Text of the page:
GCSE History-Medicine

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average_human
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#1
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#1
Can anyone give me tips on how to improve this history essay

During the Renaissance period, there was relative progress in medical discovery in the area of anatomy. However, the progress of medicine in this area was limited due to the same treatments being used for diseases as in the Middle Ages, and it can be said that overall there was little progress in medicine during the Renaissance period.
One reason why it can be argued why there was little progress in medicine during the Renaissance is because there was no progress in treatments. The idea of the 4 humours remained an accepted idea. This was the theory that humours existed as liquids within the body and were identified as blood, phlegm, black bile and yellow bile. The treatments that had previously been used on patients (bloodletting and leeching) continued to be used. The evidence shows that treatments used in the Renaissance were dangerous, as not only is there the risk of losing too much blood, which leads to a dangerous drop in blood pressure and even cardiac arrest, but people who are already sick take their chances with infection or anaemia. These practices were widely used in the Middle Ages, hundreds of years ago, which shows that there were no new treatments in the Renaissance, and therefore no progress.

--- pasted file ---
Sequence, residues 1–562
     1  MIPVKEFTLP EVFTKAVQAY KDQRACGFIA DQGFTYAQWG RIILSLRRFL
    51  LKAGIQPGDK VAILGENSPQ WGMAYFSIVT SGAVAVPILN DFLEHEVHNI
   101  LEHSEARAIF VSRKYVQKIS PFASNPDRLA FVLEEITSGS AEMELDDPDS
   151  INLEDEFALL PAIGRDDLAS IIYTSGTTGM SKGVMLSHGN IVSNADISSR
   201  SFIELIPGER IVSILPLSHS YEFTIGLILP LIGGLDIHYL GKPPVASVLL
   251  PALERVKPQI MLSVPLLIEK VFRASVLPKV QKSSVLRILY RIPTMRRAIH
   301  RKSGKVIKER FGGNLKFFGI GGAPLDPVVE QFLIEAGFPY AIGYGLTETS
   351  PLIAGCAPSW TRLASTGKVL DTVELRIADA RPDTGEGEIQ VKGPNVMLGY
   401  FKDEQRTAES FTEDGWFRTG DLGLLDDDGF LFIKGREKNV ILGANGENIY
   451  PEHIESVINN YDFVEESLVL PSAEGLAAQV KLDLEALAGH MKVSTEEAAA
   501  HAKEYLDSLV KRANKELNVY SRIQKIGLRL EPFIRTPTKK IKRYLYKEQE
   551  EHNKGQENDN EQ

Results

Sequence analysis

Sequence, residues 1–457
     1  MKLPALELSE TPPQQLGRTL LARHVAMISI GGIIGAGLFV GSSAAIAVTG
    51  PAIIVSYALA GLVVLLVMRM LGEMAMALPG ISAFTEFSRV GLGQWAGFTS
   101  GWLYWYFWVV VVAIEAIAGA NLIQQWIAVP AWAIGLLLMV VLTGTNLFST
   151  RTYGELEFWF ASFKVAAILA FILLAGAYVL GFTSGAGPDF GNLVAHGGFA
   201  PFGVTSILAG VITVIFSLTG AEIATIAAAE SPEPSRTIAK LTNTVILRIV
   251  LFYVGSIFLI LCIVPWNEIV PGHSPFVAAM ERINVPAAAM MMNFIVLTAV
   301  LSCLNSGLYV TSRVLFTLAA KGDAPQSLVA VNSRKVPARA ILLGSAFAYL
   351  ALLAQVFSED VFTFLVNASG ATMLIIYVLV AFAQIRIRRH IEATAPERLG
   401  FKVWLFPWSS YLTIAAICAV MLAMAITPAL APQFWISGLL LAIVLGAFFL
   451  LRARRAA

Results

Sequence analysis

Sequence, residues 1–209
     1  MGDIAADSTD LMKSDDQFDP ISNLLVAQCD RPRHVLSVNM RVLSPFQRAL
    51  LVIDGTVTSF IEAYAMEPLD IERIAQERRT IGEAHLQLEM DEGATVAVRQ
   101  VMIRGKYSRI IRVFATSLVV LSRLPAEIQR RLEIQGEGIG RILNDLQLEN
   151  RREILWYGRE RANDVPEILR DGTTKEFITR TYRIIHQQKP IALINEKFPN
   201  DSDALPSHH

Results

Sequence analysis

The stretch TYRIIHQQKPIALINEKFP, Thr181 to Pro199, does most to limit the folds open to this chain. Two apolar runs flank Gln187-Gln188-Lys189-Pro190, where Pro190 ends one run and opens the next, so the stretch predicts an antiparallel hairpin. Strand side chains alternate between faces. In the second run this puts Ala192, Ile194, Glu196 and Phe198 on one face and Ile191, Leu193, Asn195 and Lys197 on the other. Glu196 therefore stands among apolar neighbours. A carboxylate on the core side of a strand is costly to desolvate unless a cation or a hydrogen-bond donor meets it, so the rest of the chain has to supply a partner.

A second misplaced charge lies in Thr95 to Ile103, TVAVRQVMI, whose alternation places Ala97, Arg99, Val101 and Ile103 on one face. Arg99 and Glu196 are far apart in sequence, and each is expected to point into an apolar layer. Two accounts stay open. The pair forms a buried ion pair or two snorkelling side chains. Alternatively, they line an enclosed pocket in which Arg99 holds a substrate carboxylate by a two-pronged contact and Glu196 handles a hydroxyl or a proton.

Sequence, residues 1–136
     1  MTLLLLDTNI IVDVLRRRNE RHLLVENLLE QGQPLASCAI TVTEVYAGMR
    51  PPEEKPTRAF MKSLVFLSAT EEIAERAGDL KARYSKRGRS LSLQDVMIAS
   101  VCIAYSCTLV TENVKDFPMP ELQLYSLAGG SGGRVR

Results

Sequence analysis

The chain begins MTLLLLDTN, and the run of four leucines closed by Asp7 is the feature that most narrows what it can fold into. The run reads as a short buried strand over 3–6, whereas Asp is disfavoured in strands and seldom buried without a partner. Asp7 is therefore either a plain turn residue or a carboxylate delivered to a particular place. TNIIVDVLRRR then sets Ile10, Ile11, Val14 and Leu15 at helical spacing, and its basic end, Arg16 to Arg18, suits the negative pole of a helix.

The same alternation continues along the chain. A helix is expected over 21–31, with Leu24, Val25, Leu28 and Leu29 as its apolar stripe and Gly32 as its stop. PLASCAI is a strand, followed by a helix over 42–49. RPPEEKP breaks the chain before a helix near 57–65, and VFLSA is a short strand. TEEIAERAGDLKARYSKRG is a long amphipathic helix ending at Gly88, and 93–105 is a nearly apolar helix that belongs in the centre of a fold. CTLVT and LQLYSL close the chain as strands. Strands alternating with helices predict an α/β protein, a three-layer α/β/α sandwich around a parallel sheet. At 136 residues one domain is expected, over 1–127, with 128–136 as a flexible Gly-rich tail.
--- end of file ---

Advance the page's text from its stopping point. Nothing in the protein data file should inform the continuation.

One reason why it can be argued that there was progress in medicine during the Renaissance is because there was lots of progress in the area of anatomy. William Harvey was very important in making new discoveries; he explained that the heart was like a pump, and blood flows/circulates around the body. As a consequence, it meant that Galen’s theory was proved wrong, as according to Galen’s incorrect theory, the blood did not return to the liver or the heart. Harvey's discovery also proved that the heart didn't 'burn' blood, but that it circulated the body instead. This makes the discovery significant because it showed the error in the treatment of bloodletting, the error being letting blood out of the body would lead to excess blood loss, which would be hard for the body to replace, and in turn lead to all sorts of complications. Although it can be argued that this was a significant medical discovery, it can’t be disputed that this didn’t lead to anything during the Renaissance, in the sense that it didn’t lead to the quality of treatments improving, such alternative treatments to bleeding (which was highly dangerous), Harvey’s was just a discovery and it wasn’t until years after that all medical professionals believed Harvey’s theory over Galen’s, and used it to change treatments. Therefore, this wasn’t really progress in medicine during Renaissance.